My other overseas work experience was going to rural India. If you recall I was pretty amazed at the difference between the Indian culture and ours. Sure there were nice areas... but the poverty and squalor were particularly overwhelming. Naively I expected South Korea to be similar... I couldnt have been more wrong.

The 14 hour direct flight from JFK pushes the limits of the 747 only 800km short of its maximum range. Apparently every once in a while they have to land the flight in Anchorage Alaska to refuel. Luckily I had driven the whole way up to NYC so I was pretty tired and managed to sleep until over the Kamchatka peninsula of Russia (and i thought it only existed as a territory in RISK)

I hadnt realized it but time had been doing funny things. It already gotten dark when we took off... (7pm) and just never got light again. We landed at 4am in Seoul and it had never gotten light... longest night of my life! Our bodies think it is sometime mid afternoon but the skies tell a different story. In my mind I all of a sudden visualize the globe, and my place on it is nowhere near usual.

The airport is actually in Incheon a new city created on an island 30 minutes outside of Seoul. We drive into the city with the first pre-dawn light filtering down. And we drive, and drive and drive. At first on gleaming highways, and then forever through town. My ignorance is starting to show, and later will realize that the 10 million population (23 in the metro area) is much much larger than NYC.

My first sunrise over Seoul.

In the center of a town there is a pretty large hill with a TV tower / public attraction on top. Taking pictures at 6 am it catches my attention.

We have one day to adjust before we start work. Speaking of which... why am I even here along with some of the most talented people at work? A little history may be in order. Many people think of East Asia as a continuous homogeneous mass. Can I tell the difference between a person from China? Korea? Japan? This is certainly not a great mix and the cultures are quite different. WWII did not start with our entry in Pearl Harbor, or even the Bltizkreig in Europe. Japan, with imperial intentions, had been relentlessly attacking mainland China and Korea throughout the 20s and 30s. This was a particularly brutal war, with such atrocities as Nanking in China where 250,000 were killed in a systematic massacre. There were similar events in South Korea. In Seoul itself the royal palace was almost completely burned to the ground. Though the palace has been 70% rebuilt there only remains one original royal building. It was this building that we were going to be scanning.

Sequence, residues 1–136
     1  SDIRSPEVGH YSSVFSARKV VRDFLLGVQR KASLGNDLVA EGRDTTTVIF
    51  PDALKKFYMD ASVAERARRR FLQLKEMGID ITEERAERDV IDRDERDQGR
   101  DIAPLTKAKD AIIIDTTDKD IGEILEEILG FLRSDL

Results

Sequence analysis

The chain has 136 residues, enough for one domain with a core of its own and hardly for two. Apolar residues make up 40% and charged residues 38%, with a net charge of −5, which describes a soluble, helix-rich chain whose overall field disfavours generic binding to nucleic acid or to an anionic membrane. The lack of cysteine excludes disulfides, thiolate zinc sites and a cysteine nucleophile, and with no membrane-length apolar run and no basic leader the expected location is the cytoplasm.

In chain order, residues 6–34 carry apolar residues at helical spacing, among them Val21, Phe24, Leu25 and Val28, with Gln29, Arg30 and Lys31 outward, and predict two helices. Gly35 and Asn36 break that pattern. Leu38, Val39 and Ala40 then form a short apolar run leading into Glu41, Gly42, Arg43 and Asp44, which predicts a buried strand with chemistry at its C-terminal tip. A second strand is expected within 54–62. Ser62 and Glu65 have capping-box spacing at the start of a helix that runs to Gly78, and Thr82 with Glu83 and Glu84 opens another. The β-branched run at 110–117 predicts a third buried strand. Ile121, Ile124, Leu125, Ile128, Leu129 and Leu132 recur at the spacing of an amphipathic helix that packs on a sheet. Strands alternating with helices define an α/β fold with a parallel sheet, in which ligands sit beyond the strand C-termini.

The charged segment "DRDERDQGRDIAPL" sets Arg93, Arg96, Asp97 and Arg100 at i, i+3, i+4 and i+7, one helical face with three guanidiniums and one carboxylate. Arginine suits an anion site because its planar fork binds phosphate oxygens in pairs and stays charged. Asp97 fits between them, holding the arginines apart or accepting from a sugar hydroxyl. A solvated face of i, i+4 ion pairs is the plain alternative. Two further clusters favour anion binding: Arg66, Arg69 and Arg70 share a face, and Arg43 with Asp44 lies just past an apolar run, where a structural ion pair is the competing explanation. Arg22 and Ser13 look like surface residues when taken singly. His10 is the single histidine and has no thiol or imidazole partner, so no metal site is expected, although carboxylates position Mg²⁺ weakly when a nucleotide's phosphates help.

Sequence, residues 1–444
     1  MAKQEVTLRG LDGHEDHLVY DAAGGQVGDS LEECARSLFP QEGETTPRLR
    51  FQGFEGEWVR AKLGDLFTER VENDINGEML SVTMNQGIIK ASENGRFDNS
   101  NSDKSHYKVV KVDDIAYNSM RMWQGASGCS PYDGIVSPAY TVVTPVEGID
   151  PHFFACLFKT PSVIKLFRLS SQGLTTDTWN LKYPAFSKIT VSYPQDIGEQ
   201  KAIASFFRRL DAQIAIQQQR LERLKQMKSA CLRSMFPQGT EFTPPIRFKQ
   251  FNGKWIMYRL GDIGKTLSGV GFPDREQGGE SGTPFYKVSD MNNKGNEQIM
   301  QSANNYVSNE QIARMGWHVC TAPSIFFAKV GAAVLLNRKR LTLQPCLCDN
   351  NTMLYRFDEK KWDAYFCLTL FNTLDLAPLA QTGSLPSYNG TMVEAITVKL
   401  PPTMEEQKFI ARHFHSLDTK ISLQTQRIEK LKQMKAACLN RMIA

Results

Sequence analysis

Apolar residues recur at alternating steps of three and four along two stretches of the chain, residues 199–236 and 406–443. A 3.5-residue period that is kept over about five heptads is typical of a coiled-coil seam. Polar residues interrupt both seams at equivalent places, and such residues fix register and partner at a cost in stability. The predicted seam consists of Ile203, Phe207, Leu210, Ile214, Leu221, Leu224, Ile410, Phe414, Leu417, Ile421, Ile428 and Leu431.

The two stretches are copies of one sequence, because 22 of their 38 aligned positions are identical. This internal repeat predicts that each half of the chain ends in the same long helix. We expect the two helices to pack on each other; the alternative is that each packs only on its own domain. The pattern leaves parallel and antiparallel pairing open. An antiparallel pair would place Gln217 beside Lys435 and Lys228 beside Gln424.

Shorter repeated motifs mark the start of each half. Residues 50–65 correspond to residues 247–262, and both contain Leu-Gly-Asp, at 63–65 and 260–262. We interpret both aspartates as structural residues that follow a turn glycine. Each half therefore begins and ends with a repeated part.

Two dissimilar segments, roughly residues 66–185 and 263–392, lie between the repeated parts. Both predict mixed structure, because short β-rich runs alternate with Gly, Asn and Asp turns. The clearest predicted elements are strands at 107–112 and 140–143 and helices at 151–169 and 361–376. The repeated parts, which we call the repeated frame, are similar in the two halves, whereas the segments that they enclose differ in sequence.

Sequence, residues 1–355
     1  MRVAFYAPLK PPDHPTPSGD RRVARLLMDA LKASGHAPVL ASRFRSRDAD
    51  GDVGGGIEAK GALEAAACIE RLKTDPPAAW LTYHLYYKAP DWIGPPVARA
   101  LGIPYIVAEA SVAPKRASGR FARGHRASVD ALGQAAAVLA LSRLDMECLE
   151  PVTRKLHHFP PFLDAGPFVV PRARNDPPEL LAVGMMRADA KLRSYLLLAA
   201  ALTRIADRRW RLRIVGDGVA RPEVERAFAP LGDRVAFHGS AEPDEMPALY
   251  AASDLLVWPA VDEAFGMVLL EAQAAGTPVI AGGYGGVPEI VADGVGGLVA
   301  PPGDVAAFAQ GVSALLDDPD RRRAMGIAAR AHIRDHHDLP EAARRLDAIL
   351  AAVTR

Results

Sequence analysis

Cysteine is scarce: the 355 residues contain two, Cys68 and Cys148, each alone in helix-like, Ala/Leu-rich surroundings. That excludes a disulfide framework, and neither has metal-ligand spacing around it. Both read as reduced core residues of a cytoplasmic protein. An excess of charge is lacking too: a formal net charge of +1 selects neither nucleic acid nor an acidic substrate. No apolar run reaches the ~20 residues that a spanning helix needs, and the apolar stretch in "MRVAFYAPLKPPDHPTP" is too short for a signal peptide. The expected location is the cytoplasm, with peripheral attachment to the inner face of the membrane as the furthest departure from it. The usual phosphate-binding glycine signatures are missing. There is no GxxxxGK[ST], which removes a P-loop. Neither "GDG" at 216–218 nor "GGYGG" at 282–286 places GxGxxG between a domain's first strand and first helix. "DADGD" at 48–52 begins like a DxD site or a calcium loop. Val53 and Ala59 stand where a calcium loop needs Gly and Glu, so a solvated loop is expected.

Harry and I cant sleep, so we partake of the all you can eat breakfast and go to check out the site. We are scanning an original palace and it is quite beautiful, traditional with the rice paper rooms and intricate woodwork. We sure will have our work cut out for us.

On the same campus lies the national history museum where Harry shows his cultural literacy by matching shapes to shapes.

We catch up with our co workers for an afternoon hike. We ride the amazing metro system out to Bukhansan national park which literally encircles the northern half of the city. The whole city is in fact surrounded with beautiful mountains with gleaming 500-1000 foot granite slabs. I could learn to like it here.

Not a great picture, but that is 1000 feet of rock just lying within site of 10 million people. And this is just one of hundreds of such formations.

After some initial wrong turns we make manage to get a nice hike up past some temples.

A neat map at the trailhead.

The fun is over however and we settle into a 12 days straight of scanning 10-12 hours a day and processing 6 hours a night. Not much time for anything but work and a little sleeping.

However first impressions of Korea are of a gleaming modern city. Bustly and with a certain pressing imperative to get what needs to be down quickly and efficiently. This is not an idle city.... I like it already.